Cannon Liverpool

Lime Street,
Liverpool, L1

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Forum Cinema

Viewing: Photo | Street View

Opened as the Forum Cinema on 16th May 1931 with Clifford Mollison in “Almost A Honeymoon”. It was designed by William R. Glen and Alfred Ernest Shennan for Associated British Cinemas(ABC) at a cost in excess of 200,000 pounds.

A massive six-storey curved Portland stone facade remains a distinctive and highly prominent feature of Lime Street – one of Liverpools major thoroughfares. The foyer was lined with Italian marble.

The auditorium, in a semi-Atmospheric style, depicted Venetian scenes, contains an amazing proscenium treatment consisting of a vast curved canopy over the arch and the side boxes. Indirect light light was a feature, except for a huge ‘sunburst’ light fitting above the balcony.

A shallow stage was provided together with a Compton 3Manual/12Ranks organ on a lift in front of the stage, which was opened by organist Reginald Foort.

Because of the relatively small width of the site the 1,835 capacity was achieved by having a huge circle containing 750 of the seats.

It was re-named ABC from 17th February 1971 and due to its opulence and excellent location the cinema survived intact until 1982 when it was converted to a three screen operation by installing two mini-cinemas under the balcony seating 272 and 217 seats.

From 1986 it had been re-named Cannon. It closed on 29th January 1998 with a special screening of Humphrey Bogart in “Casablanca”, when a special admission fee of 50p was charged.

There were proposals to convert the building into a conference centre, but these stalled and the building has stood empty since closing. Proposals were put forward in late-2007 to convert it into a ‘boutique’ hotel and supper club, with plans going to Liverpool City Council in July 2008 and if permission was granted, work could start in late-2008. The building remained unused in April 2012.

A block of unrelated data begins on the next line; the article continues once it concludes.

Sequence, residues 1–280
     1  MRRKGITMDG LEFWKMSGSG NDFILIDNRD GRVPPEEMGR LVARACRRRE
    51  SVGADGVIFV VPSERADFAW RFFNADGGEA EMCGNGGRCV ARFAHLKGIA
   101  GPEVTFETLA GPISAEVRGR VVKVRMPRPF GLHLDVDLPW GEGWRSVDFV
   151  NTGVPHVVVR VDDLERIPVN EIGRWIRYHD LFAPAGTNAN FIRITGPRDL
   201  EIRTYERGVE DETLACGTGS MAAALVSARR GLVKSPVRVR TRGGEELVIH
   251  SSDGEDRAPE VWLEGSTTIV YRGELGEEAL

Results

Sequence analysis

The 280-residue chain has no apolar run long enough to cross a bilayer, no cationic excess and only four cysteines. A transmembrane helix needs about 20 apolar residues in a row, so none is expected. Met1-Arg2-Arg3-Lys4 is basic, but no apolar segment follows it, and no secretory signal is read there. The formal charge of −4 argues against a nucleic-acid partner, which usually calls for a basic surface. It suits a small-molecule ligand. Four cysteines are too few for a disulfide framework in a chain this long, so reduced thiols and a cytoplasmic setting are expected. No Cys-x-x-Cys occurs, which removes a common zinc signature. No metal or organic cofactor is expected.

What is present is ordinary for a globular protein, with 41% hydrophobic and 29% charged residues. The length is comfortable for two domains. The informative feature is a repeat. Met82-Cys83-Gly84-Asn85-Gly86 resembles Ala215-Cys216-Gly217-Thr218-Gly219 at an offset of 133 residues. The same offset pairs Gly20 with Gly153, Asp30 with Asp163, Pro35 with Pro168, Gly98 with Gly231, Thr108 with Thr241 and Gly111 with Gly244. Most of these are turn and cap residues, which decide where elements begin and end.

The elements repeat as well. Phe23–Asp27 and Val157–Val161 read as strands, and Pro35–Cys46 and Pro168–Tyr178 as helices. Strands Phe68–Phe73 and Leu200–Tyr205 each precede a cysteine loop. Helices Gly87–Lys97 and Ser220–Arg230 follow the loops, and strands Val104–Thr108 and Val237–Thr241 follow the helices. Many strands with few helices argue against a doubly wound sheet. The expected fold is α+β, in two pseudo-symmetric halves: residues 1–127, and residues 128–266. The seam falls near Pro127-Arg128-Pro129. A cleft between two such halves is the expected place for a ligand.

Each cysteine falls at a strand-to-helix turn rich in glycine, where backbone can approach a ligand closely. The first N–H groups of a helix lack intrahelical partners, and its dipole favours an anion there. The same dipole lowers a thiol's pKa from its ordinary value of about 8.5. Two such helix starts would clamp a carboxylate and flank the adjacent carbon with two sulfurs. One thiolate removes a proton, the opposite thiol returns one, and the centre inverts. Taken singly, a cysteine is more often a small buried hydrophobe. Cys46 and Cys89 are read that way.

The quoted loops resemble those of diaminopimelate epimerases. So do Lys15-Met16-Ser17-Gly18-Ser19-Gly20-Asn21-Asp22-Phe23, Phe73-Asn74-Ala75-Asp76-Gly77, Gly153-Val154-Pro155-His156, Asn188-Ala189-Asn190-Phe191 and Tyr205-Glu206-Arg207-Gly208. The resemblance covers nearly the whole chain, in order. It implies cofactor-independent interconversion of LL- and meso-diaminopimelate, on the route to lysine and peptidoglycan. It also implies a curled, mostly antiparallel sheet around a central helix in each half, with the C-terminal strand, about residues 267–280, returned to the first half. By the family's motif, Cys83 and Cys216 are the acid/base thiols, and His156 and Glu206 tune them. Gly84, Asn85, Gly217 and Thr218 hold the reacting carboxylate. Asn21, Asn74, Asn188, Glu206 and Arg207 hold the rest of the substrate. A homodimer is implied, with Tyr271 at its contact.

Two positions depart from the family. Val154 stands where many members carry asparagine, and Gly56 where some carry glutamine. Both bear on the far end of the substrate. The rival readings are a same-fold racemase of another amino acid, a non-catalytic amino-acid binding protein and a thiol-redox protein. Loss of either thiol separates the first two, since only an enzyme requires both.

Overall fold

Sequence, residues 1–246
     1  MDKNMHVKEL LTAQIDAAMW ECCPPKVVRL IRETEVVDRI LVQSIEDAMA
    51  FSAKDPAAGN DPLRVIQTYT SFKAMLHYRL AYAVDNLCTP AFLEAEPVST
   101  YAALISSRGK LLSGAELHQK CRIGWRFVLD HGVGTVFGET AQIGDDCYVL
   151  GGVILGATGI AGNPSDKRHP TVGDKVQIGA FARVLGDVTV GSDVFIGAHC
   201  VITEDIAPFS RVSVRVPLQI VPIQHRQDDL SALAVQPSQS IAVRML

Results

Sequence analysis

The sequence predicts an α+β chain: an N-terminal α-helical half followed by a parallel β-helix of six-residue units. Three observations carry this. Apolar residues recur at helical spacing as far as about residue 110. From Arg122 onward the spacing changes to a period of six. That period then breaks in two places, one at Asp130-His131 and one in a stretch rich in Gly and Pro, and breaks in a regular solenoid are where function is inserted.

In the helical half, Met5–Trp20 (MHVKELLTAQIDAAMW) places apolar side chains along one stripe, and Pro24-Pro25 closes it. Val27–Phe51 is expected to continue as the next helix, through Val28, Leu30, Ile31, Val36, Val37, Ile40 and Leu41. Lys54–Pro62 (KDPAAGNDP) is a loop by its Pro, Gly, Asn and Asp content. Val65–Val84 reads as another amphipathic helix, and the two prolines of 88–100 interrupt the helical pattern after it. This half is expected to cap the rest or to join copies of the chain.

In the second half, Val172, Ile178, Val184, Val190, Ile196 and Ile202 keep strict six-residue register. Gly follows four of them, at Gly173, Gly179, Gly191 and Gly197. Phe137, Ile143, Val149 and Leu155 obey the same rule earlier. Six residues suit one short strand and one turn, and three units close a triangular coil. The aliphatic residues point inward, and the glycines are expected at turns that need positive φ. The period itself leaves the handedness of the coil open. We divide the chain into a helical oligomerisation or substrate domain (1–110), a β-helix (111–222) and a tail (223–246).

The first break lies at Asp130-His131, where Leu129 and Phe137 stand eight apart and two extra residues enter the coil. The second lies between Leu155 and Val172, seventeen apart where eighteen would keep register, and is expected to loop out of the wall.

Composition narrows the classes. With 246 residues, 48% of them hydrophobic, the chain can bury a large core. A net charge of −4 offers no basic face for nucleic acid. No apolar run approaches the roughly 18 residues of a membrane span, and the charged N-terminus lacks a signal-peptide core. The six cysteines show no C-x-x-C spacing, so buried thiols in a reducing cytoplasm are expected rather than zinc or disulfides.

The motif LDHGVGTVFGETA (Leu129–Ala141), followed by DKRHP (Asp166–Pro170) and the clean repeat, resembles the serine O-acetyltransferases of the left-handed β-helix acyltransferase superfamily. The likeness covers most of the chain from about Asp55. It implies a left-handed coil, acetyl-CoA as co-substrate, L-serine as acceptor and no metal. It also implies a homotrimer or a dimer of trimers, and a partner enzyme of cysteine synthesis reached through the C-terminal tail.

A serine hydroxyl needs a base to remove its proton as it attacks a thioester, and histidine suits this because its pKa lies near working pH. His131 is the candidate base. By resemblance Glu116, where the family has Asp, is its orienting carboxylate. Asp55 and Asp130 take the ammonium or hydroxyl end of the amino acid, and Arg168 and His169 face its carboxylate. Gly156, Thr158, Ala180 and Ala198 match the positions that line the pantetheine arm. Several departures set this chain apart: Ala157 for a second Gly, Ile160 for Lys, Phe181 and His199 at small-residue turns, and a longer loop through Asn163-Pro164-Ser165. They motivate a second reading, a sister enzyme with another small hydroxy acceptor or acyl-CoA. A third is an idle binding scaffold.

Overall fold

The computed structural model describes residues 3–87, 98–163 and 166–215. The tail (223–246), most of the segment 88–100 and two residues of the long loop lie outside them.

It is Grade II Listed building.

Contributed by Ian Grundy

Recent comments (view all 14 comments)

conlan
conlan on April 17, 2006 at 10:27 am

My father, Thomas Boyle was the artist who painted the advertising posters for the Forum Lime Street in the 1960s. I would love to know if any photographs of these posters have survived. Thanks.

Philip
Philip on September 7, 2006 at 12:40 am

2 of the interior here:

View link

DrMrEcho
DrMrEcho on February 25, 2007 at 9:34 am

Liverpool desperately needs a Beatles theatre for putting on shows,talks and films for the 1000’s of tourists who visit each year. Either the Forum or the Futurist seem like a no brainer to fulfill such a role. Why then are they in this state?!?

HowardBHaas
HowardBHaas on December 4, 2007 at 3:25 pm

Scaffolding being removed:
View link

Davell
Davell on July 30, 2008 at 8:10 am

Projectors were Ross with RCA sound. Light was provided by Peerless Magnarc. Later Philips FP20s were used.

AdoraKiaOra
AdoraKiaOra on September 11, 2008 at 7:04 am

Is this the big cinema behind The Empire Theatre. If not what is the huge place i see on Google maps?

fatbarry2000
fatbarry2000 on January 17, 2009 at 2:09 am

Ian,

The place directly behind the Empire Theatre is the former Odeon – it was closed in 2008. The Forum is at the other end of Lime Street – as you move down it you can see the railway station roof on the right. Immediately after the station is a single square tower block, and opposite this diagonally is a large building with a curved front (in the image I can see on Google Maps there is a red bus and a green/white bus turning right in front of the building). This is the old Forum cinema.

This map shows a few of the Cinemas on/around Lime Street (best seen in Satellite View).http://maps.google.com/maps/ms?ie=UTF&msa=0&msid=103713836400452876723.000460ac1b59b591b9891

fatbarry2000
fatbarry2000 on January 17, 2009 at 2:11 am

Second attempt at posting map link:
http://tinyurl.com/77fzh8

TLSLOEWS
TLSLOEWS on August 26, 2010 at 12:45 pm

Great Lime Steet photo smoothie.

Eric Evans
Eric Evans on March 25, 2012 at 4:50 am

Please click on photos for 3 more pictures.

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